Changes in the swimming performance, behavior and physiology of juvenile chinook salmon (Oncorhynchus tshawytcha) after exposure to one, two or three acute handling stresses Public Deposited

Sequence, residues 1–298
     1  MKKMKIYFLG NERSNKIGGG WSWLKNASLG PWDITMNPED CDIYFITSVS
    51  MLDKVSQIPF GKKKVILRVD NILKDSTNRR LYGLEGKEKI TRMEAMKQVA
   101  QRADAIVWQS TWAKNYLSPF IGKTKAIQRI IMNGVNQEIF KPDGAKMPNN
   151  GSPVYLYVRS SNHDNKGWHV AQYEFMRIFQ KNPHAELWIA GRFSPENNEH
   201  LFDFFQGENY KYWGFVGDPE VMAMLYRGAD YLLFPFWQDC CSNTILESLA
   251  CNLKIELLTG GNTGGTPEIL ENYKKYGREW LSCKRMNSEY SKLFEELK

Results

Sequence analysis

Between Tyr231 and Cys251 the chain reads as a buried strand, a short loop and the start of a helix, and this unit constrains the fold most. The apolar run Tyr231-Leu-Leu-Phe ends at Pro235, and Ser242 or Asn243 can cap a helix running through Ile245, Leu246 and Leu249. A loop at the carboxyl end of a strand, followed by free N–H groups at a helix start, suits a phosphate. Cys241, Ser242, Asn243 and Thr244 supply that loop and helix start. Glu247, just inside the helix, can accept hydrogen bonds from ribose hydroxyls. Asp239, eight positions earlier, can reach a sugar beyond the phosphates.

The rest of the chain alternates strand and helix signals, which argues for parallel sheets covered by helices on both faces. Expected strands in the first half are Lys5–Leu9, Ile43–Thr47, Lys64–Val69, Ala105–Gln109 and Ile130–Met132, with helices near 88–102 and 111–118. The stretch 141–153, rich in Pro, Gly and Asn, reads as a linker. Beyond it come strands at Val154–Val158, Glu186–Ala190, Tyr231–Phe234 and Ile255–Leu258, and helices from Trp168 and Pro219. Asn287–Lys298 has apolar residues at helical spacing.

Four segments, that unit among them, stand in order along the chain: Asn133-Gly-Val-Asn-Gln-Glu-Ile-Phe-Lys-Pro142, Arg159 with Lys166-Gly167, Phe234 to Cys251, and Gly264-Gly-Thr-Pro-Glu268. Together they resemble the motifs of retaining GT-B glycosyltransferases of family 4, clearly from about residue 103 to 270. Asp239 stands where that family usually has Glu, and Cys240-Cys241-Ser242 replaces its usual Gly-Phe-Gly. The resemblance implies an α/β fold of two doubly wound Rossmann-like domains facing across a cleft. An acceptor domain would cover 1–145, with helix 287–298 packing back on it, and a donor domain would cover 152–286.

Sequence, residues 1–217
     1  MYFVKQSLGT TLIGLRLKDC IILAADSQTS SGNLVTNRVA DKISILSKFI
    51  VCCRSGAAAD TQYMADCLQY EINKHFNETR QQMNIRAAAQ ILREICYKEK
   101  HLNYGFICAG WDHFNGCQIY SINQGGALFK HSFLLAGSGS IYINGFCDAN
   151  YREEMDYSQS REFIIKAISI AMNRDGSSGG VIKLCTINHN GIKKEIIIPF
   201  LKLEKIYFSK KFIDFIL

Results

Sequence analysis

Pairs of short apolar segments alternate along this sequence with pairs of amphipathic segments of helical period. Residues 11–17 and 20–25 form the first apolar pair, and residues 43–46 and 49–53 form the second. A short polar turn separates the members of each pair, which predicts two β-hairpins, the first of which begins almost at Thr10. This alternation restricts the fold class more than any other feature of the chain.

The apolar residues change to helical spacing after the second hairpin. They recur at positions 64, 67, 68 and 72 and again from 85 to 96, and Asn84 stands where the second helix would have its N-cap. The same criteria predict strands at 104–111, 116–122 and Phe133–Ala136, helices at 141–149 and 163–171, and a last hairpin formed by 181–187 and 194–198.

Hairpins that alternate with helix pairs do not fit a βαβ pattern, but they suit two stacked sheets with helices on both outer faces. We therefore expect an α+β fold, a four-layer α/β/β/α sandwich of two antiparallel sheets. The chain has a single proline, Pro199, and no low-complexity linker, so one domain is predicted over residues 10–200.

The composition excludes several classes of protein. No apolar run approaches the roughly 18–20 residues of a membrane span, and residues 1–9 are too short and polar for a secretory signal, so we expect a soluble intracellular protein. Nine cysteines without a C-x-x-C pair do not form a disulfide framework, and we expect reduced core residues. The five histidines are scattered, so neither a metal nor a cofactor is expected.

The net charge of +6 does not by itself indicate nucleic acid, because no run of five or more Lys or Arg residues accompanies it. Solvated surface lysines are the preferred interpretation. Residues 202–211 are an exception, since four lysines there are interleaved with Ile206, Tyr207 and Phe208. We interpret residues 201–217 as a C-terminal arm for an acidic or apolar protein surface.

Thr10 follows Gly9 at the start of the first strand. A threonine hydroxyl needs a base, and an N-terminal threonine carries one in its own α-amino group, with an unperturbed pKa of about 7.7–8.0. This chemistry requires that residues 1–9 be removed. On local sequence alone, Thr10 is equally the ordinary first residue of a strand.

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  • The performance of an organism or organismic subsystem is the result of the interaction between the performance capacity of the system and Its environment. Environmental conditions can stress an organism and thus affect it's performance. In this study, three whole organism performances were examined: critical swimming speed, fatigue time and response time to a sudden bright light. In addition, subsystem performances were examined by measuring changes in hematocrit and plasma levels of cortisol, glucose, lactic acid, osmolarity, sodium and potassium. Performance tests were made on juvenile chinook salmon stressed 0, 1, 2 or 3 times, with 1 or 3 h between stresses, and on fish allowed to recover 1, 3, 6, 12 and 24 h after each level of stress. A stress consisted of holding the fish in a dip net in the air for 30 sec. The physiological responses and the swimming tests were conducted on salt water adapted fish while the behavioral response was measured with fish in fresh water. Plasma levels of cortisol, lactic acid, osmolarity and sodium increased cumulatively following several acute handling stresses spaced I h apart, though each parameter returned to control levels in 6-12 h. Plasma glucose rose significantly by 1 h after the first stress and remained higher than control levels at all levels of stress and through 24 h after stress. Plasma potassium increased initially following one and two stresses, dropped below control levels within 1-6 h after the last stress, and then increased above control levels for the remainder of the 24 h. Following three stresses potassium was lower than controls initially and then was similar to the levels for one and two stresses throughout the rest of the 24 h recovery period. There was a decrease in hematocrit 3-6 h after each level of stress followed by a return to control levels within 12 h of the last stress. Critical swimming speed was measured by increasing the water velocity in a flow-through swim tube and noting the velocity at which each fish stopped swimming. Critical swimming speeds after handling were highly variable and no differences were found between stressed fish and unstressed fish at any level of stress or any recovery time. Fatigue time was measured as the time a fish can maintain position in a swim tube at a given constant water velocity (60 cm/sec). Following each fatigue test, fish were killed and blood samples were obtained. Unlike unstressed fish, which all fatigued within13 min, the times to fatigue of stressed fish varied with some fish fatiguing within a few minutes and some fish swimming the 60 min period. There was a depression in fatigue times immediately following one and three handling stresses spaced 1 h apart. Immediately after two stresses and with all groups given time to recover from stress, fatigue times were similar to or higher than for unstressed fish. Plasma levels of cortisol, glucose, osmolarity and sodium were higher in swimming fish than in non-swimming controls. Plasma concentrations of cortisol, glucose and lactic acid were all highly variable in fish following fatigue and no differences were found betweeen fish handled in a dip net and unhandled fish at any level of stress or any time after stress. Plasma osmolarity and sodium levels in fatigued fish immediately after one stress were higher than levels in unstressed fatigued fish. Plasma potassium was higher in fatigued fish than in unstressed fatigued controls at several time periods after one and three stresses. The behavior test consisted of exposing groups of salmon in fresh water to a sudden bright light and measuring the time it took each fish to reach cover. Unstressed fish reached cover within 15 sec. Stressed fish took longer to reach cover, with the greatest delay immediately after stress and a gradual decrease in response time with recovery from stress. Exposure to two and three consecutive stress with 3 h between stresses increased the response times and the recovery times indicating that the effects of stress were cumulative.
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